The mesh density in a finite element model is an important topic because of its relationship to accuracy and cost. In many instances, the minimum number of elements is set by topological considerations, for example, one element per member in a space frame or one element per panel in a stiffened shell structure. In the past, when problem size was more severely limited, it was not uncommon to lump two or more frames or other similar elements in order to reduce the size of the model. With computers becoming faster and cheaper, the current trend is to represent all major components individually in the finite element model.
If the minimum topological requirements are easily satisfied, the question remains as to how fine to subdivide the major components. The question is particularly relevant for elastic continua, such as slabs and unreinforced shells. In general, as the mesh density increases, you can expect the results to become more accurate. The mesh density required can be a function of many factors. Among them are the stress gradients, the type of loadings, the boundary conditions, the element types used, the element shapes, and the degree of accuracy desired.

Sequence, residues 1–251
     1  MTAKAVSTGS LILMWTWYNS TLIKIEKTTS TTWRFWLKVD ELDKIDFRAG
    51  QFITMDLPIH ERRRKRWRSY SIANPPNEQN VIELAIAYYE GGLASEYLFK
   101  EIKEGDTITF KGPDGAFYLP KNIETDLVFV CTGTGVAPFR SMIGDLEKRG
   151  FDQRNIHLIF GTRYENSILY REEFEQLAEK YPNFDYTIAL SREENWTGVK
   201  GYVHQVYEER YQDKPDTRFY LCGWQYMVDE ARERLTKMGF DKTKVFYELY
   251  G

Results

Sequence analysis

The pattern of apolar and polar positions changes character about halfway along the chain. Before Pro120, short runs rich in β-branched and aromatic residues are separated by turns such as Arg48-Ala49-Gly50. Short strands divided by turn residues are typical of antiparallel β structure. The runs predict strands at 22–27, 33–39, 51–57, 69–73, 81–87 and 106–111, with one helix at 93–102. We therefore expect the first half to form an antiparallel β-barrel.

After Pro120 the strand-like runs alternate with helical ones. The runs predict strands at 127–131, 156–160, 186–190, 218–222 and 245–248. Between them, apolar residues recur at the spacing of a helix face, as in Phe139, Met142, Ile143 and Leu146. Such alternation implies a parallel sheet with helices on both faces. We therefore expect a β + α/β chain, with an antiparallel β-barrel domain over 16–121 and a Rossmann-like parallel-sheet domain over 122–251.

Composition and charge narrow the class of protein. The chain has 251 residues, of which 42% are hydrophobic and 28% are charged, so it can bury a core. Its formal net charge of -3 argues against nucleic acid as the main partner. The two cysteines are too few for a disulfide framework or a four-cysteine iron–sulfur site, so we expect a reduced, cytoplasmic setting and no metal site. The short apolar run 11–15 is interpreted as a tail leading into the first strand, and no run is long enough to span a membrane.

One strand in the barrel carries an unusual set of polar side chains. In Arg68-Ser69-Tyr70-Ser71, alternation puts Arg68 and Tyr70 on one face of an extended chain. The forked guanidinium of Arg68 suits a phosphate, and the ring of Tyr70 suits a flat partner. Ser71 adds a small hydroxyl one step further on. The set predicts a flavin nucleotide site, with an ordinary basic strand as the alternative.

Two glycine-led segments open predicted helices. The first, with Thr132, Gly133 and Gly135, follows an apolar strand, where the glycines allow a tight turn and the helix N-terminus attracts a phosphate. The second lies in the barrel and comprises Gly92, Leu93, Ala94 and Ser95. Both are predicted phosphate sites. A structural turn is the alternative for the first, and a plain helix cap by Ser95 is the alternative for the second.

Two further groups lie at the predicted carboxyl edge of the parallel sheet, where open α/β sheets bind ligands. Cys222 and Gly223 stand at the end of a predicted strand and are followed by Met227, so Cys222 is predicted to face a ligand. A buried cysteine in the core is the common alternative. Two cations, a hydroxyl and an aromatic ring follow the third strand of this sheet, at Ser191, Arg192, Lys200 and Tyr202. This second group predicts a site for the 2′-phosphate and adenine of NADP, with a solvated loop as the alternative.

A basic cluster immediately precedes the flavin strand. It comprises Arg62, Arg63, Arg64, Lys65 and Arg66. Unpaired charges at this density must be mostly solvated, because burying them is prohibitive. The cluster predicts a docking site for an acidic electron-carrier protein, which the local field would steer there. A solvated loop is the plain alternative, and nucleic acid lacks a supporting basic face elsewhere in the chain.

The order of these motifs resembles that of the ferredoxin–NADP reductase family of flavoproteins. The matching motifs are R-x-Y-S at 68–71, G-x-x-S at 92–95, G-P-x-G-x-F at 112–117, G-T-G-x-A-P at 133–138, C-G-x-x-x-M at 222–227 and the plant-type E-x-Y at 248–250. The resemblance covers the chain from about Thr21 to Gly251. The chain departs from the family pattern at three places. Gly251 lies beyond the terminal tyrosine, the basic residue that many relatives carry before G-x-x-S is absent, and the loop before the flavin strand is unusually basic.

The grid point spacing should typically be the smallest in regions where stress gradients are expected to be the steepest. Figure 9-7 shows a typical example of a stress concentration near a circular hole. The model is a circular disk with an inner radius = a and an outer radius = b. A pressure load pi is applied to the inner surface. Due to symmetry, only half of the disk is modeled. In the example, both the radial stress and the circumferential stress decrease as a function of l / r2 from the center of the hole. The error in the finite element analysis arises from differences between the real stress distribution and the stress distribution within the finite elements.